As those who follow this blog know I rarely editorialize about a topic other than writing. However, with all the demonstrations occurring after our presidential election, with the shouting and anger, I feel I need to comment on this subject.
Like the students who now are taking to the streets protesting election results, I too did my share of demonstrating. In the 60’s it was against the Vietnam War. “Hell no we won’t go” was our chant as we tried to convince the powers in Washington to stop sending our young men to war. We were passionate, angry, and felt powerless as individuals. Only as a group, marching down a NYC street, doing sit-ins at public places and parading our placards in the plaza by the UN did we feel anyone could be heard. Even our teachers turned a blind eye to our cutting classes. We were loud, we were filled with passion, but we were peaceful. We stayed on topic and did not harass those who disagreed with us.
Part of being a citizen in this great country is the right to protest, to voice dissenting opinion, to speak our minds for or against something. It is a right that the young people who are now gathering on the streets in so many cities across the country are heir to. But the operative word for these protests is “peaceful”. You can be angry and loud, but you don’t destroy property, physically attack someone who disagrees with you, or shout racial slurs. So far most of the protesters just want their fears heard. But those who have gone down the slippery slope of violence, have violated this sacred right.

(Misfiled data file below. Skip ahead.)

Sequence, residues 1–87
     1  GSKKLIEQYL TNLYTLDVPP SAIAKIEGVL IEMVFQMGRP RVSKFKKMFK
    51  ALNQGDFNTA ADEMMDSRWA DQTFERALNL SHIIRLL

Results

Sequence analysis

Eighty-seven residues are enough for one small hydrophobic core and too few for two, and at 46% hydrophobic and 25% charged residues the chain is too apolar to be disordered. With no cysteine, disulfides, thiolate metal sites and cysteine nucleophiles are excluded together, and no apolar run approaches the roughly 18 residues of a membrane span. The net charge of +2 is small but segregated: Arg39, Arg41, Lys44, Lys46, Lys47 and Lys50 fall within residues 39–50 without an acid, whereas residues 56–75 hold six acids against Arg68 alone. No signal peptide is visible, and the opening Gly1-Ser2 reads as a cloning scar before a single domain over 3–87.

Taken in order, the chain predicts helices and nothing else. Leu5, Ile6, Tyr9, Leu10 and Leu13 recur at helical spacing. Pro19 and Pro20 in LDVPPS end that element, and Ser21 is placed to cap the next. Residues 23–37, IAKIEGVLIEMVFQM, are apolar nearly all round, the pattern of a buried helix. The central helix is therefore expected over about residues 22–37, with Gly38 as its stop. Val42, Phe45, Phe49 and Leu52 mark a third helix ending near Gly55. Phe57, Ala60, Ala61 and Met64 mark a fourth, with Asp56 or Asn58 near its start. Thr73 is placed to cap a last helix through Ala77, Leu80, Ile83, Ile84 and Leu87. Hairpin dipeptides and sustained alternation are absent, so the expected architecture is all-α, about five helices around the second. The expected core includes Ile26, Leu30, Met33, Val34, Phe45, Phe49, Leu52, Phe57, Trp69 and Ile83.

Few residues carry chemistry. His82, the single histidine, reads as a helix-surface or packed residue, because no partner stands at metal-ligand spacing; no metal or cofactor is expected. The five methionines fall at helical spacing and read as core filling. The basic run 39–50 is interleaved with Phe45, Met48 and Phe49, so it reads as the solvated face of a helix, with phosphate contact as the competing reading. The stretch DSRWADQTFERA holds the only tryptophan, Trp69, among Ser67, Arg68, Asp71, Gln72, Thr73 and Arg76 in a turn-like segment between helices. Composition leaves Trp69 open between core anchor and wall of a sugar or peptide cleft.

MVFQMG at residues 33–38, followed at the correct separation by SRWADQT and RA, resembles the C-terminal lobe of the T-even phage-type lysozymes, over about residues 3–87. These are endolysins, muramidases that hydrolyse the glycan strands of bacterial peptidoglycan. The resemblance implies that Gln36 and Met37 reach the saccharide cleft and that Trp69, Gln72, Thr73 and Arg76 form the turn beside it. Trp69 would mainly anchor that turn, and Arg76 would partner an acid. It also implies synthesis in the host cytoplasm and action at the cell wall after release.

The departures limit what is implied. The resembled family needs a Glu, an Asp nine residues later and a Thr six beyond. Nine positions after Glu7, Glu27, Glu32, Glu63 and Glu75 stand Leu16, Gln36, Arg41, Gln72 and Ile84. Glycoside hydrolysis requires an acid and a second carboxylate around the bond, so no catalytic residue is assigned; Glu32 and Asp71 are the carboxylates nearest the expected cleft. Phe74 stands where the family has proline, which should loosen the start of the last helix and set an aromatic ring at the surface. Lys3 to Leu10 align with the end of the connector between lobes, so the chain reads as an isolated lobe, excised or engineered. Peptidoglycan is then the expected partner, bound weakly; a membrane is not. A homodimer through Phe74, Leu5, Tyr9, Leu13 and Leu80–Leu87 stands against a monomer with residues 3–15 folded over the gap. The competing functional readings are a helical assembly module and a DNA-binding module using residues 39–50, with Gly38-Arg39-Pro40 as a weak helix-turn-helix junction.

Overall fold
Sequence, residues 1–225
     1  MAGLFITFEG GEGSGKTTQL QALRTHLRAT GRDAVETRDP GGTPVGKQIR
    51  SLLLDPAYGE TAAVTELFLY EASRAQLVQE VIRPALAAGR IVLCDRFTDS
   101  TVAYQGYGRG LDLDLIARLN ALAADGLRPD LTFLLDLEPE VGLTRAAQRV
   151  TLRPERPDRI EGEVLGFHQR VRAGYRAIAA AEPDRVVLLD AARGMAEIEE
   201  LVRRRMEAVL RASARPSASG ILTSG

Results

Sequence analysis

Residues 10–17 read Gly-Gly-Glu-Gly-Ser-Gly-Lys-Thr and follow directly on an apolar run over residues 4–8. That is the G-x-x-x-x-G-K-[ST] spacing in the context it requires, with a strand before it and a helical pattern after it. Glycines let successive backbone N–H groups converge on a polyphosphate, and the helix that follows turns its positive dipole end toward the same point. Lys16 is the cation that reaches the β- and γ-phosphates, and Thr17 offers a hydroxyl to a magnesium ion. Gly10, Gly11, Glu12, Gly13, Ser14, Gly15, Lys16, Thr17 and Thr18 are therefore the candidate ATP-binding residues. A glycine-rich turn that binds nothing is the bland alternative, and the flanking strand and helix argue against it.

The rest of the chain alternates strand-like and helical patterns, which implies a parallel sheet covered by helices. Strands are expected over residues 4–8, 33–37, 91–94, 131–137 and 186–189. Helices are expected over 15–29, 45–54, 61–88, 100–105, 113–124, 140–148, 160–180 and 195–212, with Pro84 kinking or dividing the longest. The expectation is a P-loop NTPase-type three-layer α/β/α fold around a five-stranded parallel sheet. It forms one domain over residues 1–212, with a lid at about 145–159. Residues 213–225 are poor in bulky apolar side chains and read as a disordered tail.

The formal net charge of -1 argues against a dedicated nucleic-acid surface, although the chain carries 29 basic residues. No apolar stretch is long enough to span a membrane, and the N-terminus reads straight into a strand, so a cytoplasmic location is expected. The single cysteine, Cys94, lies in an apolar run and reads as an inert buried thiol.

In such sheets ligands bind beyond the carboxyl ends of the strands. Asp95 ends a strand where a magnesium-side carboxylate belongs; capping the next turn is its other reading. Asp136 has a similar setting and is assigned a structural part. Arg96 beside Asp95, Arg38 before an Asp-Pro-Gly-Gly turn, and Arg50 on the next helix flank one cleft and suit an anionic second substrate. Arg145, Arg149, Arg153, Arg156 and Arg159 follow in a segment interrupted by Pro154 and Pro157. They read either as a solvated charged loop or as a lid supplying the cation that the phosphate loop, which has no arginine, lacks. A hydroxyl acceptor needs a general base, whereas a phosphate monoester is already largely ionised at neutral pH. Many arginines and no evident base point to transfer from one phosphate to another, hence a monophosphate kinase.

It is important that this fearful minority are listened to. Words matter, as we saw all too clearly during the presidential campaign. It was all those words spoken by the candidates that planted these fears into the minds of the listeners. It was also words spoken that motivated so many to make their choice once inside the voting booth. And sometimes words NOT spoken can be just as powerful in creating a tsunami of fears of the unknown.
So protesters, keep shouting, keep holding up your signs, let our new president elect know what is troubling you. But respect your fellow Americans even if their words conflict with yours.
And President Elect Trump, I would ask that you take some time out of your busy schedule to listen to what these protesters are saying. You made a good effort in your interview on 60 Minutes Sunday when you did reassure people that some of their fears were unfounded. Especially when you revealed that you did not agree with messages of hatred and racism. However, fear does not go away through the speaking of a few words. It will take action to prove that the words of your current messages are true, but for now we are weeks away from that time when you can act. But you still can use words, now and in the weeks to come, to reach out to all. Repeating messages containing words of reassurance will set their minds at ease.
Words matter, as the drafters of our Constitution knew only too well!